First Fall Colloquium: Jean Goodwin
“Communicating Science to the Partisan Tribes”
Jean Goodwin, J.D. Ph.D. | SAS Institute Distinguished Professor of Communication | North Carolina State University
October 27, 2017 | 3:30-5:00 PM | CMU 120
Abstract: We used to be concerned about the way motivated reasoning distorted some scientific topics. Still, we could hope that the sources of information people trusted would prove trustworthy, and slowly nudge them in the direction of critical thinking. Now, though, we can be even more worried, for motivated reasoning about science has become socially organized. Media silos, elite willingness to make scientific findings into wedge issues, and the widespread absorption of science into partisan identities all serve to pollute the science communication environment. The temptation then is for scientists to take up arms, join the tribe of the righteous, and fight back in the war against science. This temptation should be resisted, since such defensiveness reinforces tribalism. There is another way. In this talk Dr. Goodwin analyzes a lecture by pro-GMO scientist Kevin Folta to show a non-defensive approach to communicating controversial science.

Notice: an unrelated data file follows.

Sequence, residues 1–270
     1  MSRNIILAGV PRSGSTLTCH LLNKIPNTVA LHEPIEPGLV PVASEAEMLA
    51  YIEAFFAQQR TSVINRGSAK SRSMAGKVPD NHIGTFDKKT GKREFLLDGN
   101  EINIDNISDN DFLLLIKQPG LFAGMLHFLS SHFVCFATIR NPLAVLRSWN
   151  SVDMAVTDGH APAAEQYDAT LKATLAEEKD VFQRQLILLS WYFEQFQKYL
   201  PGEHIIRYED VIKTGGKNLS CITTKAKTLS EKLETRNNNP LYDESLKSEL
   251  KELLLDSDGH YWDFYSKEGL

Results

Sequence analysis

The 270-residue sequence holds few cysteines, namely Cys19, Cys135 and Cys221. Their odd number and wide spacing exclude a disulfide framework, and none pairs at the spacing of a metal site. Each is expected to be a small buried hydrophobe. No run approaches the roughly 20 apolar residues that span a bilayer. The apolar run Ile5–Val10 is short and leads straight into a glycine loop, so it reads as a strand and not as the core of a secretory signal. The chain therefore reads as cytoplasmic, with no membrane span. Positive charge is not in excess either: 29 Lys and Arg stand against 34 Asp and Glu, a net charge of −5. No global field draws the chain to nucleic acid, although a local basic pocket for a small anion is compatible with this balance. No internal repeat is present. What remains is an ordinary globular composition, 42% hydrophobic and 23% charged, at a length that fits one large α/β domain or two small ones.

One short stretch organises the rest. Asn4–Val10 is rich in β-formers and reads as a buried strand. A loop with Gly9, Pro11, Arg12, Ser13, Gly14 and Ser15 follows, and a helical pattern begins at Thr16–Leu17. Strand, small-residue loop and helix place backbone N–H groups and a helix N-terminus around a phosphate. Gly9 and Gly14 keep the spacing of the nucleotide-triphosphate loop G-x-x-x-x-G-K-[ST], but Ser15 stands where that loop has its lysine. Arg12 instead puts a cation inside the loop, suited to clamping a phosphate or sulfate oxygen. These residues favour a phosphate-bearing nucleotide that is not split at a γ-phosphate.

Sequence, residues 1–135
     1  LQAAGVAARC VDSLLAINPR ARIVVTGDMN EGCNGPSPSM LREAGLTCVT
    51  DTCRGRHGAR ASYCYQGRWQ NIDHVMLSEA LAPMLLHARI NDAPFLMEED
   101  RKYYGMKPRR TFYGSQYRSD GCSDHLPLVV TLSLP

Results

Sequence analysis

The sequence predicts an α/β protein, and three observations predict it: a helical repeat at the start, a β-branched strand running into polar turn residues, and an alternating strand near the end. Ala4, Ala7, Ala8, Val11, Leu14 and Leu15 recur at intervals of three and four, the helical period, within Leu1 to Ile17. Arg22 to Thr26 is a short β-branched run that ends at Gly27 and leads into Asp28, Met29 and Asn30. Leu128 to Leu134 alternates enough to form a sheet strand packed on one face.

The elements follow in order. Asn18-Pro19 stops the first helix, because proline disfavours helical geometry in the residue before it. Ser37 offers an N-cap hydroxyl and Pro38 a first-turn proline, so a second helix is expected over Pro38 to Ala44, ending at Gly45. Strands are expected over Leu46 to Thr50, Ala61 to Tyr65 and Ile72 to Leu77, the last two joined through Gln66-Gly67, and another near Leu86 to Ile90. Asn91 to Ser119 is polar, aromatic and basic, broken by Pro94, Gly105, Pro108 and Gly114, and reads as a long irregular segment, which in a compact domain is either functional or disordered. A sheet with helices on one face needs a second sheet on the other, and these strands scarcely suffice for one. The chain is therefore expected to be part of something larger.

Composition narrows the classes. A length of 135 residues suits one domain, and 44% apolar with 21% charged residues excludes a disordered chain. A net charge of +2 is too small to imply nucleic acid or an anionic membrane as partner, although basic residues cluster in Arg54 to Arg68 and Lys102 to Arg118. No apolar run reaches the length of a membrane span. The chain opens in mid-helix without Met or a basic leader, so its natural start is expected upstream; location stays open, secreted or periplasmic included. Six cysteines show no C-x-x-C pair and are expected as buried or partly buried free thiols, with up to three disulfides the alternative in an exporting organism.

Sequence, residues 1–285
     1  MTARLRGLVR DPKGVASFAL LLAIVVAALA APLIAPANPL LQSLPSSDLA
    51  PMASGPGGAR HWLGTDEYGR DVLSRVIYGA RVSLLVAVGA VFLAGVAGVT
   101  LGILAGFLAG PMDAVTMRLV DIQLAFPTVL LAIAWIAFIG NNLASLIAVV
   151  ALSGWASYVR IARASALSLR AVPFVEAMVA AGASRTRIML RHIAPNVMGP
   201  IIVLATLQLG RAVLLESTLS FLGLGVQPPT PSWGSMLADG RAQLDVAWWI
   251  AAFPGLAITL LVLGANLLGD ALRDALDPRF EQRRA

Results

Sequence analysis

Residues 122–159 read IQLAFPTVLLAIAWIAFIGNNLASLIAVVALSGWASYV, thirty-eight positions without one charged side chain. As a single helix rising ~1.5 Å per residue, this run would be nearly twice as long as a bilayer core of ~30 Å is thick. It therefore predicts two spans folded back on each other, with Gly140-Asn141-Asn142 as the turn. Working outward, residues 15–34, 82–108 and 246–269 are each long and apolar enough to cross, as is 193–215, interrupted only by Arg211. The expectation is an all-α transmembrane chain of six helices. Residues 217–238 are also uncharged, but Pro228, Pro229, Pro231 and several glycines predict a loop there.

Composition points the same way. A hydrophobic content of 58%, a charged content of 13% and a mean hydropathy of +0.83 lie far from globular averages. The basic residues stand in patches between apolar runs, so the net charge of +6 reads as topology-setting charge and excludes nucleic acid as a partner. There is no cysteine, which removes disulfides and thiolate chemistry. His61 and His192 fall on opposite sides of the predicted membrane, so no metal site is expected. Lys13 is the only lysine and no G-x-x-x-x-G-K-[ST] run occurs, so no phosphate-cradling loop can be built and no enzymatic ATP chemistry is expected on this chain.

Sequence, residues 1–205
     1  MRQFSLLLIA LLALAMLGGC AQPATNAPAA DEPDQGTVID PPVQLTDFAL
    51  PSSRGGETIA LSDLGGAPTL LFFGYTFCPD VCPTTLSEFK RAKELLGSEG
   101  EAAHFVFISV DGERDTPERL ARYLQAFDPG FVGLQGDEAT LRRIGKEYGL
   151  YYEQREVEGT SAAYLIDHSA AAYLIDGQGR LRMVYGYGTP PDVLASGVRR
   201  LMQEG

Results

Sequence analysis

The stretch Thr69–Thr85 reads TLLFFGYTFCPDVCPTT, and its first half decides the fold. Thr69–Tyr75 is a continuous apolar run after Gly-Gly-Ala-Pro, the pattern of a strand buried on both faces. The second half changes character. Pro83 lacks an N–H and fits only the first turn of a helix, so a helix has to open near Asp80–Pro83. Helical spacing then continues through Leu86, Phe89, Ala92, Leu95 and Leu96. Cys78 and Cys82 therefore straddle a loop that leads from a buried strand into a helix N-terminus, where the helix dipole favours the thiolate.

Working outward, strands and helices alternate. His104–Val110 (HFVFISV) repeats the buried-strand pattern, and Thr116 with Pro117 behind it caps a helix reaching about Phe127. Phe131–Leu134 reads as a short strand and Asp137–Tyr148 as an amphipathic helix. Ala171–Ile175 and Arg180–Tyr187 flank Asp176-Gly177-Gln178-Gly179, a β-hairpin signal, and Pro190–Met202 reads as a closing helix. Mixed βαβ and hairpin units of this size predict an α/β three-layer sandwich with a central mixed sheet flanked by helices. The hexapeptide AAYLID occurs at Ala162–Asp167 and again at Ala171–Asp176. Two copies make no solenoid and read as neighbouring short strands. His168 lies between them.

Bio: Jean Goodwin joined NC State in August 2016 as a Chancellor’s Faculty Excellence Program cluster hire in Leadership in Public Science. Goodwin, a professor in the Department of Communication, studies how scientists can communicate appropriately and effectively to non-expert audiences. She took her baby steps in research by examining how citizens who deeply disagree can nevertheless manage to reason with each other. The communication techniques she uncovered among ancient Roman orators and contemporary policy advocates have proved surprisingly relevant to the challenges scientists face when they try to earn trust in controversial contexts. Goodwin uses discourse analysis to tease out the ways outstanding scientist-communicators address difficult audiences on topics such as GMOs and climate change. She also uses conceptual analysis to connect these practices to broader theories of the responsibilities and roles scientists can undertake in civic life.